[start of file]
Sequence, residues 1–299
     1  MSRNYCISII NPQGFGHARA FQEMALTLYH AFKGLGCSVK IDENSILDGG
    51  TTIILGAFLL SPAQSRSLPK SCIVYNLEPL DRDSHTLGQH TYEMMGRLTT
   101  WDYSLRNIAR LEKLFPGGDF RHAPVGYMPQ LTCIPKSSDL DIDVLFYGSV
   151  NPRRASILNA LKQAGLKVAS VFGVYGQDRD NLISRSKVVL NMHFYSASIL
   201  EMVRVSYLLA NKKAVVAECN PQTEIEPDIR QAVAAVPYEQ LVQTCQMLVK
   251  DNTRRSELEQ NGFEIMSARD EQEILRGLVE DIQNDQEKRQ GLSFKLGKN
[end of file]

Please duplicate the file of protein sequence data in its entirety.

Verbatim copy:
Sequence, residues 1–299
     1  MSRNYCISII NPQGFGHARA FQEMALTLYH AFKGLGCSVK IDENSILDGG
    51  TTIILGAFLL SPAQSRSLPK SCIVYNLEPL DRDSHTLGQH TYEMMGRLTT
   101  WDYSLRNIAR LEKLFPGGDF RHAPVGYMPQ LTCIPKSSDL DIDVLFYGSV
   151  NPRRASILNA LKQAGLKVAS VFGVYGQDRD NLISRSKVVL NMHFYSASIL
   201  EMVRVSYLLA NKKAVVAECN PQTEIEPDIR QAVAAVPYEQ LVQTCQMLVK
   251  DNTRRSELEQ NGFEIMSARD EQEILRGLVE DIQNDQEKRQ GLSFKLGKN